Fantasy Genre: Lost in a Wardrobe, Bespelled by a Ring
Although I have always found books enchanting, I was not an avid reader as a child. As a youngster, my love for all things sport dominated much of my every waking moment. Still, when I did read, I’d become engrossed. Utterly. Completely. I’d find myself transported into the world of the author. Lost in his vision.
I cannot recall who introduced the book to me, but I read C.S. Lewis’ The Lion, the Witch and Wardrobe when I was nine or ten. And I was cast instantly under Narnia’s spell. I devoured all seven books in the series, and though left breathless by the exhilarating finale, I also experienced a profound sadness that the tale had concluded. Just like Peter and Susan, I was not returning to Narnia. I found other books dull and lifeless by comparison.
That was until I encountered Tolkien’s Lord of the Rings. Again, I was bewitched. Entranced. Middle-earth took me back to the same otherworldly sensation that Narnia had first introduced, and this second taste was as delicious as the first.
For me, fantasy is the ultimate escape, the premier medium for leisure. Yet it’s not merely a form of indulgence. It can also serve as a powerful conduit to convey a message. Lewis taught me a childlike faith and about the consequences of choice. Tolkien taught me to see the extraordinary in the ordinary, and about courage and loyalty. Returning to these books in my adult life taught me many more lessons still. And characters like Prince Caspian and Reepicheep, and Gandalf and Samwise Gamgee, still bring a smile to my face whenever my thoughts wander back to them.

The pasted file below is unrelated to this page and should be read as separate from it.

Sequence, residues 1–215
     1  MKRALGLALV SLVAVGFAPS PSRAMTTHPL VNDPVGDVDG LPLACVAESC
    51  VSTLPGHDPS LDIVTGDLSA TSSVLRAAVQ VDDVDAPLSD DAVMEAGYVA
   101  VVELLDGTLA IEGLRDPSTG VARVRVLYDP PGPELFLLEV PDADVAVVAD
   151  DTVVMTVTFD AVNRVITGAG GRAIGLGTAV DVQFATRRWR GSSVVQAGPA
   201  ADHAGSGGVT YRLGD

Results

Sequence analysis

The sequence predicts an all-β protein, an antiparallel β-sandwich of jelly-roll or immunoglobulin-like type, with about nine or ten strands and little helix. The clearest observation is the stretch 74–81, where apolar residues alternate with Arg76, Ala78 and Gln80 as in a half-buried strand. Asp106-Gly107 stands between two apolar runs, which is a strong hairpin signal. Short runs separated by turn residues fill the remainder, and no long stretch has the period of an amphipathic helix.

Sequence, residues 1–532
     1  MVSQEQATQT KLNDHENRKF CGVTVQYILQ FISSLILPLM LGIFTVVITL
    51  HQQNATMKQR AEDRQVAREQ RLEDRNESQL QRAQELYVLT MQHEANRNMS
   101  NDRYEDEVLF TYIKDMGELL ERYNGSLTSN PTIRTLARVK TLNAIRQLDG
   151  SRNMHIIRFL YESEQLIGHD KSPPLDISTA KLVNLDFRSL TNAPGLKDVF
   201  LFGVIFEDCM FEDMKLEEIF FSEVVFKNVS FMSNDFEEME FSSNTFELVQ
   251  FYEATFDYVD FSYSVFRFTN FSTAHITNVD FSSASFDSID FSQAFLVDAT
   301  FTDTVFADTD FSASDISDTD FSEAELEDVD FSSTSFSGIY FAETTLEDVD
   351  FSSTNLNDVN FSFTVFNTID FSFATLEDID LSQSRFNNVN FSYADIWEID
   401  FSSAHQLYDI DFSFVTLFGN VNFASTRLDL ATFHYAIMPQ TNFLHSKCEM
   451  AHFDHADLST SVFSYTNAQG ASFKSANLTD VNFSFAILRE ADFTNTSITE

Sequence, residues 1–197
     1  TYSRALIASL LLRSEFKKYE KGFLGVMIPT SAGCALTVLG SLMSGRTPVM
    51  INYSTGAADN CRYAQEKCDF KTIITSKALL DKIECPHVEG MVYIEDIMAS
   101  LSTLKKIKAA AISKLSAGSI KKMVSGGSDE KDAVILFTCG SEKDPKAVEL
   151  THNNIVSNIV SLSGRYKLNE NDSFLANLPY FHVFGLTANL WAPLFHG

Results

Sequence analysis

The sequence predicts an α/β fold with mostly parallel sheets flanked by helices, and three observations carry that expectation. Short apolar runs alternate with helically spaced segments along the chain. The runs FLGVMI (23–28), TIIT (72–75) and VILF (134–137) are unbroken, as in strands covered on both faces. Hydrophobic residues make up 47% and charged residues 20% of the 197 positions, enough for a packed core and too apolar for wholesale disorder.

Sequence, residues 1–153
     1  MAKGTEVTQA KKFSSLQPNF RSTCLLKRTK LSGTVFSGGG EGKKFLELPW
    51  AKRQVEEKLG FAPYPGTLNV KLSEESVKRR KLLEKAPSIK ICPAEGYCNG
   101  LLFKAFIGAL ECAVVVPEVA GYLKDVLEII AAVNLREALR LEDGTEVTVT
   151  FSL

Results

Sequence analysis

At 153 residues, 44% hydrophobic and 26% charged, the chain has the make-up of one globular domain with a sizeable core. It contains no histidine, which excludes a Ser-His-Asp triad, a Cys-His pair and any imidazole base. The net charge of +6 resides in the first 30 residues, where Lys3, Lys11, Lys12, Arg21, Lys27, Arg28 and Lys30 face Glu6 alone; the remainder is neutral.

Fantasy is a multifaceted genre as richly layered as any imagination can conceive. Yet there are some fantasy tropes I’m not so fond of, and in my own simplistic fashion, divide them between realistic fantasy, on the one hand, and “no limits” fantasy, on the other.
I prefer fantasy that’s anchored in a degree of realism: where the fine line between what a society knows as fact and the facts that a more advanced science may yet reveal probes into the realm of faith. In other words, a fantasy where the rules of nature in the fictional world may be bent and even broken but … but not where they’re abandoned willy-nilly.
In contrast, “no limits” fantasy suspends the rules entirely, and without limits, any tension intended comes across as thin. I mean, if some never-mentioned magic mushroom suddenly rescues our protagonist from his or her terrible fate, then where’s the drama? Unless the fictional world’s own rules are respected, and the solutions to our protagonist’s predicament are found within the world itself (or the rules are distorted for just cause), then I feel let down by the work.
Okay, it is a fine, fine line. Even Tolkien’s use of the Great Eagles was tantamount to a bailout.
Frodo: “Mount Doom is about to explode!”
Sam: “We’re doomed!”
Frodo: “Duh! Uh, wait. What’s that? In the sky…”
Sam: “Huh? Those flapping thingies…”
Frodo: “The Eagles! We’re saved!”
Sam: “What’s an eagle?”
Think about it. Why didn’t Frodo just hitch a ride on Eagle Express from the get-go?
Okay true, it would have made for a rather short and uneventful book.